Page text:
Compared with every other community touched by the Washington area sniper case, Spotsylvania County is slated to have the shortest legal chapter of the story thus far.
Lee Boyd Malvo is scheduled to plead guilty this afternoon to murder charges under an agreement with Commonwealth's Attorney William Neely, the only prosecutor who has been willing to make a deal with one of the snipers and avoid a trial, which he says could cost $2 million. Prosecutors in the Washington region and in other states, however, are entwined in cases against Malvo, 19, and John Allen Muhammad, 43, or say they want to be.
Under the agreement with Neely, Malvo will plead guilty to capital murder and attempted capital murder and be sentenced to life in prison without parole, said Craig Cooley, one of Malvo's attorneys. Several other charges will be dropped, including malicious wounding and conspiracy, Cooley said.
In Spotsylvania, a county about 60 miles south of Washington, Malvo and Muhammad are charged with killing a Philadelphia businessman, Kenneth Bridges, 53, and trying to kill a local woman, Caroline Seawell, then 43.
About 2:30 p.m. Oct. 4, 2002, Seawell, a mother of two, was shot and wounded while loading packages into the back of her minivan parked outside a Michaels craft store. A week later, at 9:28 a.m. Oct. 11, Bridges, a father of six, was shot to death when he stopped for gas.
Seawell and Bridges were the seventh and 10th of 13 people shot during the three-week series of shootings in the Washington region that claimed 10 lives. Charges are pending against Malvo and Muhammad in four other jurisdictions where killings occurred: Maryland, the District, Alabama and Louisiana.
Cooley said he initiated talks with Neely's office a few months ago. "We're trying to close doors wherever we can," he said.
But much of the legal future of the convicted snipers is unclear.
Malvo's status in Virginia and in other states rests on whether the U.S. Supreme Court rules that it is unconstitutional to execute killers who were 16 or 17 at the time of their crimes. Malvo was 17 when the shootings took place. Prosecutors in Prince William County say they are waiting for that ruling, and Cooley said the same is true in Louisiana and Alabama.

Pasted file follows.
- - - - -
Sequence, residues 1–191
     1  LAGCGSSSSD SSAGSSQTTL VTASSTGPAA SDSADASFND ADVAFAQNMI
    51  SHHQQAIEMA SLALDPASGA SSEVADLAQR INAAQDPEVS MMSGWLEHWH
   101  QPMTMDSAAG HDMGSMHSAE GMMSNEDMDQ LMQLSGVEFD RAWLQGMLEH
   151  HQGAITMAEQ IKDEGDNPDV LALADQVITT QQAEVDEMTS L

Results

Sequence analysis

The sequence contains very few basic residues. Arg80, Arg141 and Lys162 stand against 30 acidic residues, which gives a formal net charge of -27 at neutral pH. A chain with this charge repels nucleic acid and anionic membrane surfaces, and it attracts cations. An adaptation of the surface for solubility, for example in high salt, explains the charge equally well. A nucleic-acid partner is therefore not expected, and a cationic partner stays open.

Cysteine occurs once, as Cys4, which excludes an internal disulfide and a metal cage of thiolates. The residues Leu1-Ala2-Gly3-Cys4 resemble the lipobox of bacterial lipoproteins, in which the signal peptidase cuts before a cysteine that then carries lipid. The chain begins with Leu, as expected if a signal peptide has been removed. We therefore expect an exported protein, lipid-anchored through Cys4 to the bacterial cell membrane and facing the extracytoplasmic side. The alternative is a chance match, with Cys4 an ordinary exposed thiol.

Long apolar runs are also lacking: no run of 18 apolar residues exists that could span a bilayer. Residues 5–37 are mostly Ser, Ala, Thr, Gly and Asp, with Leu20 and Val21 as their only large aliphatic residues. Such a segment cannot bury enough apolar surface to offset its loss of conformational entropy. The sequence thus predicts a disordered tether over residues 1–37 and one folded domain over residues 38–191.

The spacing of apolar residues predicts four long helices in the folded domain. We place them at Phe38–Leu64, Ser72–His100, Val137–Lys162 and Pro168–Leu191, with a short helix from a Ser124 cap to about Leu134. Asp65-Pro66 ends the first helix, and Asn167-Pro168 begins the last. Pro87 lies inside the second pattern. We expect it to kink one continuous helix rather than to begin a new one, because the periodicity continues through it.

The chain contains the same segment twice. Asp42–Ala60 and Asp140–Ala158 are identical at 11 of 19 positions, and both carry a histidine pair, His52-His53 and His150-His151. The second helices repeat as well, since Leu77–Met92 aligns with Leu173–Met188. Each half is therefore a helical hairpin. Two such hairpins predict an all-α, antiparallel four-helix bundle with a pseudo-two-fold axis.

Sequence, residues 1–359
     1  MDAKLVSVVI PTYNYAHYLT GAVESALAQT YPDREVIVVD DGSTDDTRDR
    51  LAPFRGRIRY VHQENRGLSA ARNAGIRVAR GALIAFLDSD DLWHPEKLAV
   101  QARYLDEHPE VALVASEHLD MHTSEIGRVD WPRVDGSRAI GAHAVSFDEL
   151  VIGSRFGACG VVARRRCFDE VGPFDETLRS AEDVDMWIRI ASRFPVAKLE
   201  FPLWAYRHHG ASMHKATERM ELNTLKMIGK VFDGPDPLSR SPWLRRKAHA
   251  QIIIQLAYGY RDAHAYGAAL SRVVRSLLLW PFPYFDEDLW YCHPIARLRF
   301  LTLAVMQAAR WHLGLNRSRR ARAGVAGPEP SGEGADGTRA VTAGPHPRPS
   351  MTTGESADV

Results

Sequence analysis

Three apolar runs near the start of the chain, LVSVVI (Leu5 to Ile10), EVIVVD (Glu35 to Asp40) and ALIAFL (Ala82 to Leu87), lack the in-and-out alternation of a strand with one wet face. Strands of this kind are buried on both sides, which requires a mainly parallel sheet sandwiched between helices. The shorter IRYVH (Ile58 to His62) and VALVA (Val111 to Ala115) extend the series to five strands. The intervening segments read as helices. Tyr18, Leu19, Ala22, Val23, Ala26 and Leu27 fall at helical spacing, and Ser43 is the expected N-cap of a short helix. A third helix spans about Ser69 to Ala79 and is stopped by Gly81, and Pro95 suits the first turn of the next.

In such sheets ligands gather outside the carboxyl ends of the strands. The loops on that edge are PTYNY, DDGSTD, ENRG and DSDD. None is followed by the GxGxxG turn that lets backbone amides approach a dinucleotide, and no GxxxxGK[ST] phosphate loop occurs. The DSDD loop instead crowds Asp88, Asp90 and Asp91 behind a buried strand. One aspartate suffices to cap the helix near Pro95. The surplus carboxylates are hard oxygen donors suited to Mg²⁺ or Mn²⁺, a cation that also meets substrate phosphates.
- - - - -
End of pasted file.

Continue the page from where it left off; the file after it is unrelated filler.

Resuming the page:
That ruling will affect other cases, including one in Hanover County, north of Richmond, where the two have been indicted in the wounding of Jeffrey Hopper, then 37, outside a Ponderosa steakhouse in Ashland. Commonwealth's Attorney Kirby Porter said he would like to try the pair "as insurance" that they remain locked up -- especially if the death penalty was ruled out for Malvo or if Muhammad's death sentence was overturned.
Malvo, who will be in court today, is serving a life sentence in the Oct. 14, 2002, slaying of FBI analyst Linda Franklin, 47, in Fairfax County. He spends his days in isolation at Red Onion State Prison in southwestern Virginia, Cooley said.
Asked whether the plea agreement requires Malvo to testify against Muhammad, Cooley said, "Not in Spotsylvania." As for elsewhere, he said, "I'm not at liberty to discuss that."
Muhammad's attorneys say they have no idea where his case is headed.
Fairfax County's case against him was dismissed this month after a judge ruled that prosecutors had violated the state's speedy trial law by not trying him within five months of issuing a detainer, which is the legal equivalent of an arrest.
Spotsylvania, the only other Virginia jurisdiction with a potential death penalty case pending against Muhammad, issued a detainer against him in 2002, Muhammad's attorneys said. Neely did not return telephone calls, but he has been reported as saying he believes his detainer still stands -- though he has called the process of trying the pair repeatedly for the same penalties expensive and possibly "silly."
Peter D. Greenspun, one of Muhammad's attorneys, said he believes that the detainer issue is the same in Spotsylvania as it was in Fairfax and that there is no case.
Next week, Muhammad's defense team will appeal his death penalty conviction from Prince William before the Virginia Supreme Court.